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Although this methodology and approach can be used in just about any troubleshooting scenario, we will focus our exercise on routing. A router is a device that determines the path from a source to a destination. A router is the default gateway for a LAN, the exit point from the LAN to the WAN. The router (or gateway) is what connects more than one network segment together, whether it be two LANs, two separate WANs and so on. A router will (if programmed correctly) know the topology of a network so that if adjacent routers go down (or the lines that attach to them such as DSL, T1 and so on do), the router will be able to find a new path to send the destination data. This is meant to reconverge the network so that data transmissions can continue. To know the topology, a router keeps a table of the routes it has been programmed to know, or it has learned from a neighboring router. Routers create or maintain a table of the available routes and use this information to determine the best route for a given data packet. In this article we will look at what could go wrong and cause instability in your environment, or just outages in general.
When working in a networked environment, it’s common to have to troubleshoot problems often and quickly. Not only do problems come up often, but they are normally complex, require a lot of abstract thought, involved multiple parties and can be downright confusing. The following flow chart is a quick way to visualize all the steps involved in troubleshooting just about anything:
First you want to establish a baseline of normal operation. If you do not know what your router operates like normally, how will you know if it has a problem?
In this section you want to consider your possibilities for defining what the problem is. If it’s the Flu, then we have to attack it with rest and medication.
Make the plan, have a fallback plan in case the main plan fails.
Test all your plans, see if they work.
After the test, observe to see if the results show that the problem was resolved…
Here is where you have choices. If the problem has been solved, then great. If not, then you will want to go back to the step where you started to consider the possibilities. This will allow you to test until resolved.
Always document the solution to an issue.
Now that you have a general understanding on how to tackle an issue, let’s look at what could happen with a router. Let’s look at how to gather some facts.
Gather your Facts
When gathering facts, consider using some of these pointers when trying to figure out what the problem is, the pointers listed could help you isolate and determine what a possible problem could be:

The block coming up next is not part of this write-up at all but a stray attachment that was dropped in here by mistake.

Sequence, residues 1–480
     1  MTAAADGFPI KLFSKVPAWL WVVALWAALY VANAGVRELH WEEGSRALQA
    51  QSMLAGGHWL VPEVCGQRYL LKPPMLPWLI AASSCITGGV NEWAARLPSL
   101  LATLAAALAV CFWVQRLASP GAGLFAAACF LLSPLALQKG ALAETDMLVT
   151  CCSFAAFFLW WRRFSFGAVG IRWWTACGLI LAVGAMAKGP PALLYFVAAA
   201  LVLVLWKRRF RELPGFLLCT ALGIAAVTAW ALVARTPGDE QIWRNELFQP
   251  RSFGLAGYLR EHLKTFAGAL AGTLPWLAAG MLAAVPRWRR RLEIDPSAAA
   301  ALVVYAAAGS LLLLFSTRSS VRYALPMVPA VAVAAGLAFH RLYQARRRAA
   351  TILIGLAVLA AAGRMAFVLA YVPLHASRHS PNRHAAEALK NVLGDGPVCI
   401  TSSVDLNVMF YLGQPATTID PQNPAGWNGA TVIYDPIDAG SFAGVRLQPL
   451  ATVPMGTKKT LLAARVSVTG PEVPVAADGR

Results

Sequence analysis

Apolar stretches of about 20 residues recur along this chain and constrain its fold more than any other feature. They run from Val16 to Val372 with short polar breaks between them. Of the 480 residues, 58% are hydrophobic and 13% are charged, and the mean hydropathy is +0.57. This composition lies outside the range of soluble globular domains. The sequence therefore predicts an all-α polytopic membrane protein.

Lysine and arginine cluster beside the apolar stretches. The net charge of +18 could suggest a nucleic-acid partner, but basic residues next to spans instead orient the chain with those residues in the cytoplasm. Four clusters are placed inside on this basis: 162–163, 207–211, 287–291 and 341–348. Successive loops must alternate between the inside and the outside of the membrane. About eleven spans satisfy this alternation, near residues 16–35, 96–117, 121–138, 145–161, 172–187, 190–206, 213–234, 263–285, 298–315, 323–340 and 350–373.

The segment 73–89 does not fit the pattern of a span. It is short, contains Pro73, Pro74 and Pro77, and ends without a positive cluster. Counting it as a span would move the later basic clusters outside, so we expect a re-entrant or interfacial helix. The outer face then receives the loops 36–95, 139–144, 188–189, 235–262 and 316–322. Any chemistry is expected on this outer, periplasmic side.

- Consider the OSI model when troubleshooting. In other words, make sure it’s a routing problem first, and an issue with either a layer 3 protocol or process. A router operates at layer 3 of the OSI model. This can also be confusing when it comes to arp. Arp will cause you many problems on networks if you do not understand it. Arp operates on Layer 2 and resolves MAC addresses (layer 2) to IP address (layer 3), but sometimes clearing the arp cache can help you solve routing problems because the arp cache may be holding the incorrect IP address for an interface or port on the router. Clearing the arp cache (just like on XP or 2003) on the router can help you, so consider it as an option. Now that you know what layer you are operating on (3) and you know that you may still need to do an arp cache clearing to get the data moving again, let’s look at other ways to gather some facts.
- Router specific tools and protocols can help you gather information. CDP (which stands for the Cisco Discovery Protocol) is used to help ‘gather’ information about the network it’s running on. As well as the commands you can use on the router to check interface statistics, routing table information and so on.
- You can use client and server based tools whether they be from Microsoft or Novell, or Linux and UNIX. Tools such as ifconfig, ipconfig, winipcfg and so on can be used to get IP information. Servers also maintain route tables.
- Check other things that may give off the impression that a routing problem is taking place when it may be something else such as a wide-scale DNS issue, or another device causing problems like a switch, firewall or Access Point. For instance, if your helpdesk phones light up because a firewall went down, the problem may appear to be a routing problem when it really isn’t, it’s a device performing a different function.